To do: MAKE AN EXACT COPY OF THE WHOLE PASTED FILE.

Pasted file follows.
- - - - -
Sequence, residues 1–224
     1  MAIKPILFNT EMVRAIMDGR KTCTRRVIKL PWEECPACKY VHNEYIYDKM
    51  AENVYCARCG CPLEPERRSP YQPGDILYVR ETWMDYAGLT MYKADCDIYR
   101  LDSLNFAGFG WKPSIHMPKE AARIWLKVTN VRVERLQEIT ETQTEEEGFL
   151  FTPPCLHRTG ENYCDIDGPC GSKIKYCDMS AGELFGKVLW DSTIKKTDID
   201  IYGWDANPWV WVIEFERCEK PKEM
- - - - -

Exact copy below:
Sequence, residues 1–224
     1  MAIKPILFNT EMVRAIMDGR KTCTRRVIKL PWEECPACKY VHNEYIYDKM
    51  AENVYCARCG CPLEPERRSP YQPGDILYVR ETWMDYAGLT MYKADCDIYR
   101  LDSLNFAGFG WKPSIHMPKE AARIWLKVTN VRVERLQEIT ETQTEEEGFL
   151  FTPPCLHRTG ENYCDIDGPC GSKIKYCDMS AGELFGKVLW DSTIKKTDID
   201  IYGWDANPWV WVIEFERCEK PKEM